Peak: Secrets from the New Science of Expertise

Book review for Peak: Secrets from the New Science of Expertise by Anders Ericsson and Robert Pool.


This fascinating book takes a deep dive into how to harness the adaptability of your brain and body to achieve abilities that would otherwise be out of reach.

Focused and concise, illustrated with research, and bringing new science to light, I recommend this book to anyone interested in learning and improving.

The main premise is to explain that what we think about acquiring abilities is probably wrong. Are gifted people at a natural advantage to become experts? Can anyone apply certain techniques to achieve the same results as others? Does high IQ play a role?

Answers abound. There is no such thing as natural ability; anyone can become an expert by putting in the time. Illustrated with exploring prodigies through history, their skills reduce down to two questions: 1) What is the exact nature of the ability? 2) What sorts of training made it possible? Traits favorable to a task help at the beginning but don’t make a difference at high levels; it all comes down to your own effort.

But not just any effort. The 10,000-hour “rule” popularized by Malcolm Gladwell in Outliers: The Story of Success is not the full story—the how long isn’t as important as how. Just practicing over and over doesn’t lead to mastery as you’ll soon plateau and stop improving. Important to know that you aren’t reaching a set potential, you are developing your potential because it’s not a fixed state. Surprising to read about many studies showing adult brain plasticity and adaptability. The brain’s adaptability is incredible.

The key piece is deliberate practice: training with expert teachers, eliminating your weaknesses by forming mental representations that drive you consistently to great performance, and spending lots of time in private practice on the right things.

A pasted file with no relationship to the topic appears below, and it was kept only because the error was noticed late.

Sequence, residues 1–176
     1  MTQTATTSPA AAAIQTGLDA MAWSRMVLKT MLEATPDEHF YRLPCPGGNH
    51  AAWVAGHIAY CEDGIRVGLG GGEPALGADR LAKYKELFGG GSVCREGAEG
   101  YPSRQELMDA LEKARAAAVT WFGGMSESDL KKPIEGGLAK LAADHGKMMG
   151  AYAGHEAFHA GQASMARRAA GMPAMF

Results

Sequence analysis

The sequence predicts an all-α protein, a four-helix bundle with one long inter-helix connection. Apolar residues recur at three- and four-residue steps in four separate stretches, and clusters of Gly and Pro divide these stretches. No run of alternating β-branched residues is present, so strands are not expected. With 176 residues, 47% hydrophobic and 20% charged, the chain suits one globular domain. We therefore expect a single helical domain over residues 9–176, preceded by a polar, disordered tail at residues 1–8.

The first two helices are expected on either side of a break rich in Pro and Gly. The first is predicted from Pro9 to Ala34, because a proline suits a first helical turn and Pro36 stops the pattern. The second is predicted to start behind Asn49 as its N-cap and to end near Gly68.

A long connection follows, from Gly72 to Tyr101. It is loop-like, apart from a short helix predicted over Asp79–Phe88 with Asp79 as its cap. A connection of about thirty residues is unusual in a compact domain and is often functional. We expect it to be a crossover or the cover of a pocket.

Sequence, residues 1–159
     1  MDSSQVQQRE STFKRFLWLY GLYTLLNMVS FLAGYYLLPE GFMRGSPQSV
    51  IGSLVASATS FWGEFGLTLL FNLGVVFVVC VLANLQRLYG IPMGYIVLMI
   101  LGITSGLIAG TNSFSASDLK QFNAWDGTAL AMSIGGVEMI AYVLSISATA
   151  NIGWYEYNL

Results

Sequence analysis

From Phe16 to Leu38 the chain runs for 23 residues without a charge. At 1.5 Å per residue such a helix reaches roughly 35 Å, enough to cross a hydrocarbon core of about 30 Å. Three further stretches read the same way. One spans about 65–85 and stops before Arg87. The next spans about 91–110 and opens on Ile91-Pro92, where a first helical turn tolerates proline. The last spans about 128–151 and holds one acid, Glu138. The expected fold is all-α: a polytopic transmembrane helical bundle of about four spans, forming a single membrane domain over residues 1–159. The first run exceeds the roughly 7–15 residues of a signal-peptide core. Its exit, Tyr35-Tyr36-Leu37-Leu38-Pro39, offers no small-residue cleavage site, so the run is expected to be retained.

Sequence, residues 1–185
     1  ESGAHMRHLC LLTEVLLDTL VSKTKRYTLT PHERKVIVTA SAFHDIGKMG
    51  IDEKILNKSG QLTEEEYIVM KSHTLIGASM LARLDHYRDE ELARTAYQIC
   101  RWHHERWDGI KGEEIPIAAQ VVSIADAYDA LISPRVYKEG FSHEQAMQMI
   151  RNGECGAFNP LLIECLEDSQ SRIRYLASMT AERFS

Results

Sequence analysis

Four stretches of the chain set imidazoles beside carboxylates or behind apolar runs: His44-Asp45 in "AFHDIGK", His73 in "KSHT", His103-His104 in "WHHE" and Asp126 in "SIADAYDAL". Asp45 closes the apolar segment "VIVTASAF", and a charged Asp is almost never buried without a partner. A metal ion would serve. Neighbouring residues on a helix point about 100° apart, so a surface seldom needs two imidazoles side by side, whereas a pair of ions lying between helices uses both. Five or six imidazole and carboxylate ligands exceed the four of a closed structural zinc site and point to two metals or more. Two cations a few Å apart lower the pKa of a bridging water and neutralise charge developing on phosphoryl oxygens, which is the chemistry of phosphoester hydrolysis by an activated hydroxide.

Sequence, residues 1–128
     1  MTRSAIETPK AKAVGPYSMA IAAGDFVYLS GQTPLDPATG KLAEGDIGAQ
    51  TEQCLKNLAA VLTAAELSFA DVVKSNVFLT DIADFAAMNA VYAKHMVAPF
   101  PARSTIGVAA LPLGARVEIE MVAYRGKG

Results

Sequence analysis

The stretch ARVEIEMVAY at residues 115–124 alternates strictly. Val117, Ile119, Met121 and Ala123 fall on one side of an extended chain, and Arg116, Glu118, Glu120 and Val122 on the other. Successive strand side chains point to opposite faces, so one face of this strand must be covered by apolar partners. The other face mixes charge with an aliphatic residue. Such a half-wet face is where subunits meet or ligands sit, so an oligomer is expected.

The best among us in various areas do not occupy that perch because they were born with some innate talent but rather because they have developed their abilities through years of practice, taking advantage of the adaptability of the human body and brain.

Since there are no shortcuts to expertise, and you aren’t born with natural advantages, to improve you must engage with your training and stick with it, getting out of your comfort zone to reach the next level. You can control your environment, and adapt to changes by learning new skills.

Deliberate practice is knowing where to go, and how to get there.

Responsive Footnotes


I love web design like this. Both beautiful and useful: footnotes in context so you can read and return without leaving your current place in the text. Two examples—that work in desktop down to mobile—from Upstatement: NPR Code Switch and the newly redesigned Harvard Law Review.

Hat tip: Jack Lenox.

Encourage Dissidence

From the “Kindred Spirits” pattern chapter in Apprenticeship Patterns:

Your community’s health can be measured in the way to reacts to new ideas. Does it embrace the idea after vigorous debate and experimentation? Or does it quickly reject the idea and the person who proposed it? Today’s dissident is tomorrow’s leader, and one of the most valuable services you can provide to your community is defending it against those who believe that marching in lockstep is the price of membership.

I love this challenge—it’s got me thinking a lot about how I approach new ideas, both when I bring them to my community or team and when I’m faced with new ideas from other people.

I am sometimes going with the flow in order to be liked and get along with everyone? Do I reject things out of hand because I don’t like the idea or the person? And do I question everything with a healthy dose of dissidence?